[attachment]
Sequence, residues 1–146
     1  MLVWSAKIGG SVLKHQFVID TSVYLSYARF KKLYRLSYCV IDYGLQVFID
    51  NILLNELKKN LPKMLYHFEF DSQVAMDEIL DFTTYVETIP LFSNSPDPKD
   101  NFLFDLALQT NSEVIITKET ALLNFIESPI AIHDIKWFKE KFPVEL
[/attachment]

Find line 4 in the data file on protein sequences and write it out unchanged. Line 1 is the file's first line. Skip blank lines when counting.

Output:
   101  NFLFDLALQT NSEVIITKET ALLNFIESPI AIHDIKWFKE KFPVEL